I’ve been doing a lot of research into apple and pear problems . Last year because it was so wet the apple scab really affected our trees, and others. This is a fungus which we are particularly susceptible to, living in a coastal environment. Fungus thrives in 50-80 degree weather, we typically rarely get higher or lower than these temps.

Preventative measures to take are to really clean up last years debris under the trees, for this carries the spores from the old leaves to the new leaves. So you rake, but look to see how much more there is to do to get it really clean, leaves not dropped or small dead apples. Then the best method to me seems to be a spray to start the tree off clean in the coming year. The more I research the more I think I’ll do a copper based spray at my house , mostly because I know my trees were infected last year and I think something serious needs to be done to clean them up. I’m going to spray an organically approved copper/ lime spray. With neem oil, another organic fungicide, but it’s also a spreader sticker( usually an oil which helps hold the spray on the tree even with some moisture). The spray needs to be timed to when the leaf shoot starts to come out. Then ten days ( five if it rains then) , and another ten days hopefully finishing with the petals off the new fruit. I want my trees to start off clean so I’m going to do one spray before that, early on in the next few weeks. Usually the trees should be pruned first before spraying, so it’s easier to spray, less to spray.

Because we are having such a warm, dry winter, we might have a very early bud break. Usually bud break is end of January for the earliest trees , early Feb. This will help keep the spores in check too, especially if it’s this dry ( I hope we get more rain soon though)

Spraying needs to be done on a dry day with no possibility of rain for 24 hours . Then sprayed on a sunny , windless, morning that’s when the plants stomatas are open and they will take in the most.

Bio-Intensive Gardening- July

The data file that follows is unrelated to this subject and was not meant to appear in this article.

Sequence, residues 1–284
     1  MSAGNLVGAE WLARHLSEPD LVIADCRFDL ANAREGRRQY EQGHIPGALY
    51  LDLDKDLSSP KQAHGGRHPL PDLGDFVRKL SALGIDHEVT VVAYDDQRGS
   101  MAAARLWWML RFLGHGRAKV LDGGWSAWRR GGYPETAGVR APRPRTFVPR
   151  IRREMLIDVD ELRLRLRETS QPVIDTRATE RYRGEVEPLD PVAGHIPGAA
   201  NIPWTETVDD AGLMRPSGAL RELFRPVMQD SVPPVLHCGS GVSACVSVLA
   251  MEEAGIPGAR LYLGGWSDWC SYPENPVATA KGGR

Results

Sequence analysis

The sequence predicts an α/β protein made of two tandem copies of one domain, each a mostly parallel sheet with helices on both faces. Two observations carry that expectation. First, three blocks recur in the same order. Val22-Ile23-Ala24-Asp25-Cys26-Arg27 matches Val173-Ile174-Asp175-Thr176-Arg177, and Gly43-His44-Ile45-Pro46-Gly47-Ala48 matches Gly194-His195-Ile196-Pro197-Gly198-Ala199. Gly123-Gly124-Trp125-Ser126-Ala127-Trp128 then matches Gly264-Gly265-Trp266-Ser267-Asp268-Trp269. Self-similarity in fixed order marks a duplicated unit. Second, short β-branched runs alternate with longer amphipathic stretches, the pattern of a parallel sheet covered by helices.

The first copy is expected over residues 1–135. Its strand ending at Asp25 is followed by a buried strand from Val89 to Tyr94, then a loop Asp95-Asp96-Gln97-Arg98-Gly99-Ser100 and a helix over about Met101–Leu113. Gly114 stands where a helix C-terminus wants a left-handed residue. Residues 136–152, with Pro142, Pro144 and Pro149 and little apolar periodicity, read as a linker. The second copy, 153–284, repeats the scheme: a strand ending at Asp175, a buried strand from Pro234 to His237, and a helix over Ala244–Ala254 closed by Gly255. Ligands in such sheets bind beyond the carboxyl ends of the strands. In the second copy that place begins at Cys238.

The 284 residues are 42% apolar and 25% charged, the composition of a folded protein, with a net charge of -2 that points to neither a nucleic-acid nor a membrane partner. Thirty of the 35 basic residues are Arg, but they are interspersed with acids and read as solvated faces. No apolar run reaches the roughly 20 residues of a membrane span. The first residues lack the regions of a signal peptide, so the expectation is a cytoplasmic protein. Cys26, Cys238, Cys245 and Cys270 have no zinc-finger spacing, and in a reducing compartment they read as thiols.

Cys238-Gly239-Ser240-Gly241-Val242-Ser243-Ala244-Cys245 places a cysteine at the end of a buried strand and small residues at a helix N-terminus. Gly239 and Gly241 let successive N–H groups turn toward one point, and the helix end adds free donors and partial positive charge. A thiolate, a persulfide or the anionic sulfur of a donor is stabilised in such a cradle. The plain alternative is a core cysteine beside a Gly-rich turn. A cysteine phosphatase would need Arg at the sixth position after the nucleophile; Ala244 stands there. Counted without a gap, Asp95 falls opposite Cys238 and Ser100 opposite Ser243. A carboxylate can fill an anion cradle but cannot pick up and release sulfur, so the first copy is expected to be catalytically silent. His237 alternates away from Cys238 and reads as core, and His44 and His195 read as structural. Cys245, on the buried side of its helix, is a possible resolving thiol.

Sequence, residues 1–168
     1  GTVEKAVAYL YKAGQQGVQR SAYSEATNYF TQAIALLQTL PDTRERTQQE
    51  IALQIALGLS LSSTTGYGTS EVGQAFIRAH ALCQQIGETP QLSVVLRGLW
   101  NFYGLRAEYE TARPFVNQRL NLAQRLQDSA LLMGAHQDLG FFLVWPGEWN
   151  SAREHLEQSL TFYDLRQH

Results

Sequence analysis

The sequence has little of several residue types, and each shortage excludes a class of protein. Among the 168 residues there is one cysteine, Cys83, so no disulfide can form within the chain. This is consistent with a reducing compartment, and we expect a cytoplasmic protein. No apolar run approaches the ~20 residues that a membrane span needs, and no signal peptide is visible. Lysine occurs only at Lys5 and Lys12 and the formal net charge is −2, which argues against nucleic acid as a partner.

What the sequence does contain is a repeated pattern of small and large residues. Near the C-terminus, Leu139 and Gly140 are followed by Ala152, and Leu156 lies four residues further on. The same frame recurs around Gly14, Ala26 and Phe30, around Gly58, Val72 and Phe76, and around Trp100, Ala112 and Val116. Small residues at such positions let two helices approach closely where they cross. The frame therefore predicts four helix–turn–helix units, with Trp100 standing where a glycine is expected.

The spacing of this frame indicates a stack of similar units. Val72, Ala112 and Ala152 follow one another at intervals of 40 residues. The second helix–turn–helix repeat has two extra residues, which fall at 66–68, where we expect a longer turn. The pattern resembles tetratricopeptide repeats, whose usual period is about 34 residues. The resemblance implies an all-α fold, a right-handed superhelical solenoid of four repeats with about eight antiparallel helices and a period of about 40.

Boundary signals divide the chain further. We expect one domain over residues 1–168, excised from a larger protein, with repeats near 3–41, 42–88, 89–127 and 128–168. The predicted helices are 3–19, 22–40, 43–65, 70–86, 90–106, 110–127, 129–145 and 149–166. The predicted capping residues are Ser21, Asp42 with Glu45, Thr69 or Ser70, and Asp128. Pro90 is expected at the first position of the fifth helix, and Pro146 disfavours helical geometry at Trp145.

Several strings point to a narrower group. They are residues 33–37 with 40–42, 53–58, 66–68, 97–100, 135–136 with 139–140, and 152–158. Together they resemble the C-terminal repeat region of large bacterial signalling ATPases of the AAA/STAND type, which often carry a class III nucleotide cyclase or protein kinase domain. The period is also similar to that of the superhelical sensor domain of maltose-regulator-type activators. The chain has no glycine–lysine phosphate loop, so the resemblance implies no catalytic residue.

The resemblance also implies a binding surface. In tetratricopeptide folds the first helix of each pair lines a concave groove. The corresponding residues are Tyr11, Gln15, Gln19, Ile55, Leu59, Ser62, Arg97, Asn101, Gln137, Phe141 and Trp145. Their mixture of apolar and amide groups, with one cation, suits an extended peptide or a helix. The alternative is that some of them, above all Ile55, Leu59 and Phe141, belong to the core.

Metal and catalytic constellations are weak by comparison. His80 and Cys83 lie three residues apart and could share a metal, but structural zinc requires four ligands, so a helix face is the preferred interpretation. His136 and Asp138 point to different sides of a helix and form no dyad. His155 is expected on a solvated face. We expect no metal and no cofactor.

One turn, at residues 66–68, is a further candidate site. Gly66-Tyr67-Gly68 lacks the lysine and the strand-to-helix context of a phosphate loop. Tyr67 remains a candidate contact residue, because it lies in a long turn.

My garden beds change constantly, so half of them look empty right now, or they have very small plants. I’ve recently read that bio-intensive is the traditional way the French and Italians would garden in their small farms, as well. There’s always a bed getting harvested, composted, then dug and replanted in the next crop. A constant rotation of crops, giving a lot of choice in the selection of food. Eating primarily out of a garden and eating what is in season is fun but cooking has to get creative. Fresh herbs and constant rotation of plantings help this out. Try to plant many things even if it’s a herb like thyme edging a bed or chives.

Lately we’ve been harvesting garlic and purple onions, red and russet potatoes. Favas will be finishing up and coming out next. I hope I’ve grown enough garlic this year to keep us through the year. I was so hungry for garlic by the time it was ready because we ran out about December. Also it’s hard to judge the quantity to grow of potatoes although easier here because they can be grown year round. Many other types of beans are going into these empty beds. Also more onions; I’m planning two 35×5 beds since I love onions and I’m a firm believer in starting any cooking project with an onion. Zucchini, crookneck, pumpkins, delicata, and acorn squash all are in and planted now. I’ve always thought that squash cross pollinated and that you had to spread them out very far away from each other. But I’ve recently realized that this only affects saving the seed. It will not come true to variety. But since I’m not saving squash seed… I planted a lot !

I’ve just been harvesting the last of the artichokes, then they get cut back, all the large stalks cut to the ground, then mulched with a thick compost layer, then they grow and produce again later this year.
This is one artichoke that I cut back a few weeks ago-trying so hard to produce more fruit.